The persona admitted to the lady in possession of the property he wished to rent over the telephone that he is African— presumably waiting to hear that color isn’t a criterion.
“HOW DARK?”, Unfortunately, he was asked about the tone of his skin—a question that would pass the central message of the poem.
“I had not misheard”. Dismayed as he was, the African man managed to keep up with the conversation until the White landlady was mesmerized by his intellect. This disillusionment got the best of her and she slammed her receiver so that the persona would hear a thunderclap-like sound at her end.
It should be noted that this summary is as the poem and scholars who’ve analyzed earlier suggest.
Analysis of Wole Soyinka’s Telephone Conversation
Let’s pass some comments on the existing analysis of this work.
With the use of satire (having some elements of irony inherent in it), the poet critiques racism, revealing how laughable even those who think themselves special can actually be.
Contrary to the view of some analyses that suggest that the poet wondered which of the options “Button B” or “Button A” to press the telephone, Wole Soyinka only used those words to pull us back out of the distant picture of the conversation that was going on over the telephone—so that we can share with him how he immediately felt in his immediate surrounding.
“Button B” or “Button A” was likened to the options available on the telephone: to choose between language over an automated call—for the landlady’s alternatives gave him that impression.
As to returning to his immediate world, the poet also talked about “Public hide and speak”, which is an appropriate way to describe the red booth he was in.
Everything that followed the “Button” added to the imagery and left us with a crisp view of how the poetic persona might have felt. Having to choose between his fate and that which isn’t there was enough to make him occupy his mind with the thought of how other Europeans around him might perceive him.
Further, the poet didn’t explicitly make any effort to taint the personage of the landlady. He described the lady as one who’s of “good-breading”, one reason we suspect she was careful enough not to use the blunt or harsh word “Black” but rather dark and light. This act shows that:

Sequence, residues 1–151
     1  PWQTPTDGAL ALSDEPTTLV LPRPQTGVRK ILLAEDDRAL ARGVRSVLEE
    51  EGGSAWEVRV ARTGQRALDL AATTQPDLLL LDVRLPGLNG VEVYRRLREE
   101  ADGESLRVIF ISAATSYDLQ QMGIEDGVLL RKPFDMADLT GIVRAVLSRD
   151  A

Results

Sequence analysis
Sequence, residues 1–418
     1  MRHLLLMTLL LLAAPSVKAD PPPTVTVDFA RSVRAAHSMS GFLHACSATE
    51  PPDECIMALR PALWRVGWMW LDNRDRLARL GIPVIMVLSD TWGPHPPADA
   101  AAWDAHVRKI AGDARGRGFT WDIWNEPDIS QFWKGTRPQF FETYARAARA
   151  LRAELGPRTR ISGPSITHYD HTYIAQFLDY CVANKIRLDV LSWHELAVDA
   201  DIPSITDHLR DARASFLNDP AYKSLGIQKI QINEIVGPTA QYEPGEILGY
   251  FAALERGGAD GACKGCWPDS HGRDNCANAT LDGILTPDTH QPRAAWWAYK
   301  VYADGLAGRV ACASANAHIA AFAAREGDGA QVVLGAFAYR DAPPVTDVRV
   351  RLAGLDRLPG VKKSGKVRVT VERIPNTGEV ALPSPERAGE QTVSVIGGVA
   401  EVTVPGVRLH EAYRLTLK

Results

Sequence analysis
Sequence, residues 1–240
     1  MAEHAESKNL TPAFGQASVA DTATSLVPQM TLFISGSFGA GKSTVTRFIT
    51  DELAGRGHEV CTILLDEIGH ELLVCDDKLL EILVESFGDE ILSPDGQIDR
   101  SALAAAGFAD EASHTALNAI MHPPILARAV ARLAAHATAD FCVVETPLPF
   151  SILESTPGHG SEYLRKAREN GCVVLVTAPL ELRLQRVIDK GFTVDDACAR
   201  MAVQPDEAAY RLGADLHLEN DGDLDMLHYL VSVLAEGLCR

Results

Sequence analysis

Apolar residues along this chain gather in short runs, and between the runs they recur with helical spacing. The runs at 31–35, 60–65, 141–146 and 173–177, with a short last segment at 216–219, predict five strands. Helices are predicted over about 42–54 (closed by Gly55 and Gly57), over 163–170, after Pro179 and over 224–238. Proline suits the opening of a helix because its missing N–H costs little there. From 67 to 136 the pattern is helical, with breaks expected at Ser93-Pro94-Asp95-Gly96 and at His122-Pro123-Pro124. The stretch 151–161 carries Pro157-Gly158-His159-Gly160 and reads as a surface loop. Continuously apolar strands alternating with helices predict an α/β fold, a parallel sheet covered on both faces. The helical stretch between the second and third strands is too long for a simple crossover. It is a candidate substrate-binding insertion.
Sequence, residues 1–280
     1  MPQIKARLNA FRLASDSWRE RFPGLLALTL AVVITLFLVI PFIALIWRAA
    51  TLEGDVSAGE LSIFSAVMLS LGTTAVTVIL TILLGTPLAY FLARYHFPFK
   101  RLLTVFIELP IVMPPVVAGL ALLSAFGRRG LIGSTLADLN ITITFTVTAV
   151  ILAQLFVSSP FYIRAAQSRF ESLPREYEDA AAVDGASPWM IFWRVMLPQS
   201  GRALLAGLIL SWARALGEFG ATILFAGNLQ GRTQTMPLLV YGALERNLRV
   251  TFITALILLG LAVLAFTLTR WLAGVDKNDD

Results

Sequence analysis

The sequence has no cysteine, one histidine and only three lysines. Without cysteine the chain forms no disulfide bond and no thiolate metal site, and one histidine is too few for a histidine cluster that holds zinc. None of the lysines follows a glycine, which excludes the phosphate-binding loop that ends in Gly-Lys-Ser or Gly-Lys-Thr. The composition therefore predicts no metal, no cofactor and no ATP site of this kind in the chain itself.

(1) the landlady is hypocritical, advertising a vacant apartment that can accommodate people indifferent to their skin even while the hate of dark people lurks in her heart. We suspect that she wasn’t expecting an African to jump on the offer. What is also probable is that she couldn’t help but put her ad in this way since a bill for equality had been passed before this time.
(2) the landlady might simply be so educated that she feels the necessity to sound civil when putting an ad out despite the mentality that’s in the confines of her mind.
About the Poet
The poet Wole Soyinka was born on July 13, 1934, in Abeokuta, somewhere in Nigeria. He answers Akinwande Oluwole Soyinka in full. The poet is versed in several other forms of writing that he is in fact a prominent Nigerian playwright, novelist, and essayist who has written tons of literary works and earned several awards including the 1986 Nobel Prize in Literature—which he turned out to be the first Black writer to get.
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Soyinka grew up as a curious child who didn’t plan to write professionally. He read whatever was available to be read and wrote merely to pass some comments he had on the social and political issues his people endured.
At the time he started this, his works gained attention and he enjoyed the optimal encouragement they deserved, except that his works also sent him to prison, but he had an urge from within to continue his activism in black and white, so he wouldn’t stop writing until it was part of him.
Obsessed with giving and taking, Wole Soyinka first studied at the University of Ibadan in Nigeria then went to Leeds in England in furtherance of his education—he wrote alongside schooling and after his Master’s degree, he wrote some more in the theatre until he also got the chance to lecture in his area of interest.
Since then, Wole Soyinka has taught at several institutions in his home country and overseas. He is now an Emeritus professor—for being a retired lecturer—but he still writes and lectures occasionally, basically at seminars, based on appointment.
We didn’t pass any comment on his marriage life because it feels complicated since he was married to three or so women: a white lady—a union that didn’t last before they called for divorce, his first Nigerian wife—who had died before he moved on to the next and maybe that next was before his current wife or it is the current wife herself, we are not sure. But we do know that he is about 30 years older than his current wife, Mrs Soyinka Folakemi. She is a Nigerian like him.Share